In light of World Wildlife Day on March 3, we're celebrating three wins for wildlife achieved so far in 2020!
With your support, we?work tirelessly to combat exploitative industries to keep wildlife in the wild where it belongs.
Every day, wildlife around the world are exploited as entertainers, exotic pets or killed for use in traditional medicine. With your support, we?work tirelessly to combat these exploitative industries to keep wildlife in the wild where it belongs.
It’s hard to imagine a ‘win’ from the Australian bushfire crisis, but we had to mention the incredible support for the recovery of Australian wildlife.
People around the world have given generously so that animal organisations can give surviving animals a fighting chance. Thanks to you, we were able to help local organisations with the immediate response, and?provided medical supplies to a mobile?triage van, supporting the care of 21 kangaroos.
Longer-term initiatives are also being put in place. We are working to prepare at-risk communities with wildlife veterinary resources for future disasters.?For impacted and at-risk communities, we’ll expand our Protect your Pet and?PrepVet?resources to support capacity-building and preparedness for animals.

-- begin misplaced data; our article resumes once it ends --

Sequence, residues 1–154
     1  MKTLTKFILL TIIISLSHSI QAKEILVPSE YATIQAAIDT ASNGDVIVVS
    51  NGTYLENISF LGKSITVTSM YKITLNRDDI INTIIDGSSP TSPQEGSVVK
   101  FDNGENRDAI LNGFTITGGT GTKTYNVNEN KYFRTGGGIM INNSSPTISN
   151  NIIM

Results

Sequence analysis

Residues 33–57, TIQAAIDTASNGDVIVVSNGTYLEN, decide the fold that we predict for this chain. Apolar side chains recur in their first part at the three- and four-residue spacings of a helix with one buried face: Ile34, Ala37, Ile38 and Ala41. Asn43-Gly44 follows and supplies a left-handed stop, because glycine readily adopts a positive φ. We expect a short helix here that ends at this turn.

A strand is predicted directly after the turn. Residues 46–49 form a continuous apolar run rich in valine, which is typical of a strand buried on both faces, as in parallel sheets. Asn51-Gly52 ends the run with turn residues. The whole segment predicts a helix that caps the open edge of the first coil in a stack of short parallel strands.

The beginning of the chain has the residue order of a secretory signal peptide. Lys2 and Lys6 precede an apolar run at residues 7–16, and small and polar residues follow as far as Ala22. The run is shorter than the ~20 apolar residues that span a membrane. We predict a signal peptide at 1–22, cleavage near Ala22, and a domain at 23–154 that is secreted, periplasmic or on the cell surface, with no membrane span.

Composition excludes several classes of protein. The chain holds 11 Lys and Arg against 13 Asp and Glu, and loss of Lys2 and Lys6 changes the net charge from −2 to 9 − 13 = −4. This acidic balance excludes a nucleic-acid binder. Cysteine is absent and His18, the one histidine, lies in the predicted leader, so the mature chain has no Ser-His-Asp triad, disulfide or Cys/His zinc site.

Over the coming months we’ll be working to change?legal frameworks, plans, policies and conventions to ensure animals are included in disaster planning.
2. China places temporary ban on Wildlife Trade
Due to the coronavirus outbreaks,?China has taken the commendable decision to impose a temporary nationwide ban on all wildlife trade. This has prevented the suffering endured by millions of wild animals traded for use as exotic pets, traditional medicine, and meat across the country.?
We spoke out about why a ban is needed, and are?calling for a permanent ban and hope?this will be extended to countries across the globe to prevent future outbreaks and to prevent animals from suffering needlessly.
3. Bears given new lives away from cruelty
We?welcomed three new bears to their Balkasar Bear Sanctuary in Pakistan this year!
The female bears were rescued from bear baiting in Pakistan. This inhumane bloodsport sees bears, unable to defend themselves, battle against trained dogs for entertainment. Their owners surrendered them so they could live cruelty-free and thriving lives at Balkasar. We also support the owners in finding alternative livelihoods to help end the cycle.
In 2000, 300 bears were involved in bear baiting, and the number was drastically down to 25 bears in 2019. We are?working hard to rescue the remaining bears in 2020.
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By Pankaj KC, Program Director, World Animal Protection
Update: The World Health Organization confirmed on Mar 11, 2020 that there is no evidence that dogs...
? World Animal Protection
We were known as WSPA (World Society for the Protection of Animals)
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